Part One in our series on travelling with kids, this post looks at babywearing in the air and at the airport.
Why Babywear? Why not use a Stroller (as well or instead)?
I am one of those parents who will do almost anything to avoid taking a stroller out in public. I’ve gotten over my (ill-judged) shame of using one, but I really prefer not to. Strollers are big, they don’t maneuver through doorways, corridors, crowds or stairs very well. If you have to take one through security, you may have to pull everything out of it, fold it, send it all through the xray machine (hopefully sans child) and put it all back together again at the end.
If you feel more comfortable with a stroller, then by all means use one! You can check it at the gate, although be aware that the carrier will not warant that your stroller will make it to the other side free of damage. Personally, the only use I see a stroller as having in this circumstance is (a) it’s ability to carry loads of stuff and (b) its ability to put a baby to sleep. Since you’re limited by the airline as to how much you can take part (a) is largely irrelevant. A good carrier will take care of part (b) for hours. I don’t find a stroller worth the trouble when travelling.
On the plane, your stroller is useless! Backwrapping with a long wrap on a plane is really difficult in my experience, so I’d recommend a mei tai instead. Front-wrapping with a pre-tied carry is fine, but not as quick as a mei tai. Sitting with a sleeping child on your lap with a mei tai is a great way to manage a long-haul flight. Put the baby to sleep with long walks up and down the aisle (and avoid deep vein thrombosis at the same time), then sit! Alternatively, breastfeed your child to sleep in the carrier and watch a movie ; Ring slings and pouches are also great for quick ins-and-outs, especially on the plane, but I like to have a carrier on hand that can handle long-term airport napping.
In light of recent events, if you are travelling with a very small baby, please be aware that the need for safe cosleeping applies on a plane as well as on land. Sleeping while you are babywearing is not safe with small babies. I believe that with a toddler it is unlikely to present a danger if you are seated on the plane, however. If you are travelling with an infant, ask for the baby bassinette when you book your ticket so that you will have somewhere safe to place the baby when you need to sleep. Travelling is exhausting for parents too!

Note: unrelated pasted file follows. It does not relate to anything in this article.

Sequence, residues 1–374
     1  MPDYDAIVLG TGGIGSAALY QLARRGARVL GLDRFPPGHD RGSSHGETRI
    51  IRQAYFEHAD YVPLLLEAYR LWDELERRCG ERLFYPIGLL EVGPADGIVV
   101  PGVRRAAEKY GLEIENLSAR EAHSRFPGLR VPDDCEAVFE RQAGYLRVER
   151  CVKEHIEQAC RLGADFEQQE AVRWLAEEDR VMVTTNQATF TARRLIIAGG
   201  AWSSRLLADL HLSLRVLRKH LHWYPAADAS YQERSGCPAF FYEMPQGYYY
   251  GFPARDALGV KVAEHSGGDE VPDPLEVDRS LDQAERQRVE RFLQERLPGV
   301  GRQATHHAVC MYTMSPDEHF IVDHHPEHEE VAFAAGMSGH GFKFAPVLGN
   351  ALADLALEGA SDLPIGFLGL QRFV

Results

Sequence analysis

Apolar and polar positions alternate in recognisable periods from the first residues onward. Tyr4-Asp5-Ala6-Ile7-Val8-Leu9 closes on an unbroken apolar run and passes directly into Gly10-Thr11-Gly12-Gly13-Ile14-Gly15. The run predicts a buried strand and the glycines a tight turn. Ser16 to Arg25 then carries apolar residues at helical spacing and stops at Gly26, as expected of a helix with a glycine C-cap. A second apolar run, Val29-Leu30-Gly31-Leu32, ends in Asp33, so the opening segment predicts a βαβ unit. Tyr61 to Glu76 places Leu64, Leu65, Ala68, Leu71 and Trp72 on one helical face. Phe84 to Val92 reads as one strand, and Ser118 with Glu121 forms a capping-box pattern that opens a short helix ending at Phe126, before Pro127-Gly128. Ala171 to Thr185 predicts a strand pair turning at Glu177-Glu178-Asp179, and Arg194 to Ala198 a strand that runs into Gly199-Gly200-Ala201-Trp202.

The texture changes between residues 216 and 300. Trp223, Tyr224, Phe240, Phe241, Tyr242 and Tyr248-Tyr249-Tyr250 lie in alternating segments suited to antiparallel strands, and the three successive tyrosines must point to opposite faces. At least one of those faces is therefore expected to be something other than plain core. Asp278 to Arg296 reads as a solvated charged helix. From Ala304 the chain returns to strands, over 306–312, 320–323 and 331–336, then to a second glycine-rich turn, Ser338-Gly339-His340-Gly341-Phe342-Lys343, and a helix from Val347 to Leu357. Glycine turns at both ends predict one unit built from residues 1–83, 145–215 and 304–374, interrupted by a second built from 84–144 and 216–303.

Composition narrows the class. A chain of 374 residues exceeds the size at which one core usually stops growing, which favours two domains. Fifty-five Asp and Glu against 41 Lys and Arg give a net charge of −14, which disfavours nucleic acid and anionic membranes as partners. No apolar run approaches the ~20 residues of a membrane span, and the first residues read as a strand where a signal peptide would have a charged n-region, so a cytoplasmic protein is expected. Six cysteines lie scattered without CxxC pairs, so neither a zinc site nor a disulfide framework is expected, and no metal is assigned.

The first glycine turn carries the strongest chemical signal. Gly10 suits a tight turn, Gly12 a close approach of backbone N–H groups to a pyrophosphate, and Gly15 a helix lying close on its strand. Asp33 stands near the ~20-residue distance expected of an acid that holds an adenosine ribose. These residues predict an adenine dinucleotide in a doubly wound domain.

Security: Yours, Babies and Theirs
Babywearing in the airport (or any other crowded public venue) gives your child security when dealing with the unfamiliar. Whether you’re in an unfamiliar country, timezone or routine, this security can be important to help your child adjust. Knowing that you have a sure-fire sleep maker on hand can help your child adjust to time zones and save your sanity as well. You also have the security of knowing your toddler (or preschooler) can’t get lost in a crowd when they’re tied on!
Unfortunately, there is no coherent policy on babywearing at security checkpoints. Some airports will require you to remove the child(ren) while others won’t. If you are asked to remove the child from your back or front, it will be because the security personnel are checking for weapons/explosive devices. There are several suggestions you can use to help negotiate the situation if it’s going to make life very difficult for you to remove your wearee:
- Explain that your carrier is only made of cloth (where applicable)
- Suggest that the security person, in addition to waving the metal wand over the carrier, touch the carrier
- They may be satisfied with placing a hand between you and the baby to make sure your child isn’t packing heat in there 😉
Sometimes, they won’t be satisfied with these suggestions. You will have to remove the child in these circumstances. Try to time the security run for when the child is neither sleep or in a run-away mood. Easier said than done. I recommend bribing with interesting snacks 😉
Managing Luggage: Some Combinations
One of the harder things about travelling with children is managing luggage. I have travelled solo with both one and two wearees and here were some combinations that worked well for me:
- Baby on back, messenger style nappy bag containing grown-up items as well, rolling suitcase
- Toddler on back, baby on front, messenger nappy bag, rolling suitcase
- Large backpack on back, baby on front, rolling suitcase
Whichever carriers you use, make sure you’re comfortable with using them in confined spaces and remember that if you don’t do back carries, learning to do them BEFORE travelling is a great idea!
Our next installment in this topic is on travelling with special dietary requirements and How Do I Carry All That Stuff?
Have you worn a child in an airport? What was your experience with security? What was your experience with carriers?